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Archive for Wednesday, February 11, 2009

Tough choices

Recent Lawrence school board decisions will make it harder for some local students to graduate and for many others to take driver’s education.

February 11, 2009

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Being a school board member isn’t an easy job, especially during financially uncertain times like these.

Everyone understands that difficult choices have to be made, but a couple of recent decisions by the Lawrence school board could have a negative impact on our community and its young people.

At their Monday meeting, board members again discussed the decision to eliminate the secondary education program at the Lawrence Virtual School. The decision, school officials said, was prompted by financial considerations and enrollment declines in the program.

Of about 100 students currently enrolled in the secondary program, only 18 live in Lawrence, so perhaps it will be easy enough to accommodate those students at Lawrence High School or Free State High School. It will be unfortunate, however, if those schools are unable to meet the same special needs as the Virtual School program.

When the school district decided several years ago to close the Lawrence Alternative School, the Virtual School was offered as a viable option for students who had been unable to thrive in a traditional school setting. Without the Virtual School, secondary students will lose an important option.

Another issue discussed at Monday’s meeting was an additional increase in the fee charged for students to take driver’s education. Cutbacks in state funding for the program prompted the district to raise the fee last month from $120 to $200 per student. After news of further state funding cuts, the board voted Monday to raise the fee to $225 per student.

Granted, driver’s education is not an academic core subject, but when it comes to life skills, what’s more important that trying to ensure our young drivers are fully educated about traffic laws and operating a motor vehicle? It’s a matter of not only their own safety but also the safety of every other driver and pedestrian with whom they come in contact (hopefully, not physical contact).

Almost doubling the price of driver’s ed is certain to reduce student participation in the program. According to district officials, at least 200 students must enroll in the program to justify offering it. If the district discontinues the program, a private company likely would step in to take up the slack but probably at an even higher cost.

Again, we realize there are no easy choices here, but making it harder for even a few local youngsters to graduate from high school or a whole lot of youngsters to become better drivers seems like a step in the wrong direction.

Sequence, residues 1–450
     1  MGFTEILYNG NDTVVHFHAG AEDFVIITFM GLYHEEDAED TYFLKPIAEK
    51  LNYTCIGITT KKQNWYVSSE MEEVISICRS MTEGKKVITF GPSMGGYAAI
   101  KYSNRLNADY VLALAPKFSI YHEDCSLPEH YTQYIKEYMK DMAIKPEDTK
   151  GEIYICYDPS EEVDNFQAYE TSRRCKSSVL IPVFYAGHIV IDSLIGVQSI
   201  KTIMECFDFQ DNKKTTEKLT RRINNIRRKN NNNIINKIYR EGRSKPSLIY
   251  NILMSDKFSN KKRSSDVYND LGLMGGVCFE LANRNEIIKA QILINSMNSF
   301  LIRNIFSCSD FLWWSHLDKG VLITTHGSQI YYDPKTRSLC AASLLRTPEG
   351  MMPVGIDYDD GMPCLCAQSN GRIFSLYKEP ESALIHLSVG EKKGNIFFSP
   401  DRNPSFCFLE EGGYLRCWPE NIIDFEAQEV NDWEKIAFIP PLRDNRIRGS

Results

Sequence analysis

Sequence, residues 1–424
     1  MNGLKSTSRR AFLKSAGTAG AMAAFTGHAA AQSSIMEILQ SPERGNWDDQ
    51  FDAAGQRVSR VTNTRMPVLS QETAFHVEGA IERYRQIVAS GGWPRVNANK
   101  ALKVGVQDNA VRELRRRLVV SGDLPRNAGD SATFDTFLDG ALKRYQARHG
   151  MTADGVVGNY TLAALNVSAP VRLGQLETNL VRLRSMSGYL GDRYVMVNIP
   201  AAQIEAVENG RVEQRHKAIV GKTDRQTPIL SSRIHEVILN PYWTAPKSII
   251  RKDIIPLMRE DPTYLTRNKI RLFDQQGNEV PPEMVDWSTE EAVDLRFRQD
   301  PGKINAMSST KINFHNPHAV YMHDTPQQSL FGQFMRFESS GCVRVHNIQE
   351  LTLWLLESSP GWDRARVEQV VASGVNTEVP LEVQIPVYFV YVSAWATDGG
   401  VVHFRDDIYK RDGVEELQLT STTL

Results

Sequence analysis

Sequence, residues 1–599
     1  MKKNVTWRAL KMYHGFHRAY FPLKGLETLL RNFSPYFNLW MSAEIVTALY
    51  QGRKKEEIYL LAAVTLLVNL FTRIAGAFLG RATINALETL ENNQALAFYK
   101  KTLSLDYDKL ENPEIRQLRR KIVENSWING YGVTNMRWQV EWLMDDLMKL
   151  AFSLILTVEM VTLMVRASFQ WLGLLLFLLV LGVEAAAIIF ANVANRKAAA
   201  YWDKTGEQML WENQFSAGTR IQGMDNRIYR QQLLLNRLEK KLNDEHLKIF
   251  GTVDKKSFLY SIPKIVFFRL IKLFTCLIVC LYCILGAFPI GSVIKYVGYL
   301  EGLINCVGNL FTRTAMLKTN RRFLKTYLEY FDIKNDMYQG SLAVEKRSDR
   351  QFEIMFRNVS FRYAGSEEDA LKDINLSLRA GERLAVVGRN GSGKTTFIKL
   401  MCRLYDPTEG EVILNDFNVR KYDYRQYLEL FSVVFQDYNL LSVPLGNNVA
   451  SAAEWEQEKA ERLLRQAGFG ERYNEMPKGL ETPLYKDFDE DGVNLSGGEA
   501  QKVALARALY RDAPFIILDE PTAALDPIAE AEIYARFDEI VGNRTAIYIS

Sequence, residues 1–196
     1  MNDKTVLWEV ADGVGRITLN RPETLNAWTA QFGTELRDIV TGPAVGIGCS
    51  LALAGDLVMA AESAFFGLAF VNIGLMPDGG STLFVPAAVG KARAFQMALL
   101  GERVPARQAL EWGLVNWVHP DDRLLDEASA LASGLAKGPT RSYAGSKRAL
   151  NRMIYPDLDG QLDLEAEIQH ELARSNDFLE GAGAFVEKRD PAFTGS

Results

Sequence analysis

Comments

Robert Rauktis 5 years, 2 months ago

We need two football stadiums...that's what we NEED. It develops character.

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davidsmom 5 years, 2 months ago

Lawrence kids can still take driver's ed. as an elective? The Shawnee Mission Schools dropped this somewhere around the year 2000. Not that it's a worthless elective, but somehow, the kids still learn to drive on schedule without it. I'm sure NCLB had something to do with dropping this course, because the money needed to be diverted to core subjects and supplementary instruction for at-risk students.

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hawkperchedatriverfront 5 years, 2 months ago

avoice, this is Lawrence, the folks here think it is the only place on the planet, they have been hugging themselves so tight, and the brain has been deprived of oxygen.

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avoice 5 years, 2 months ago

Why is it that everyone wants to offer justification of what should not be cut, but no one seems bold enough to offer an alternative cut? Perhaps because no one wants to be the "bad guy" who defends his own pet projects while brutally slashing the budgets of others' pet projects? Do across-the-board cuts start to seem more rational when no one can bring themselves to decide what budgets to cut? Something has to be cut, people. We can't whine our way out of this like children trying to get our parents to give us everything we want for Christmas instead of just half the list. Let's grow up, bite the bullet, realize that budget cuts do mean real sacrifices. Let's sacrifice what we can, live with it, and move things forward. Down the road, we may have enough money to put everyone's favorites back into the budgets.

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hawkperchedatriverfront 5 years, 2 months ago

Cry me a river, anyone want to borrow a couple of violins I have?Why is this such a big deal to some staff editor at the J/W? Really now. The kids wil do quite well, if the parents take charge and the school gets back to basics.

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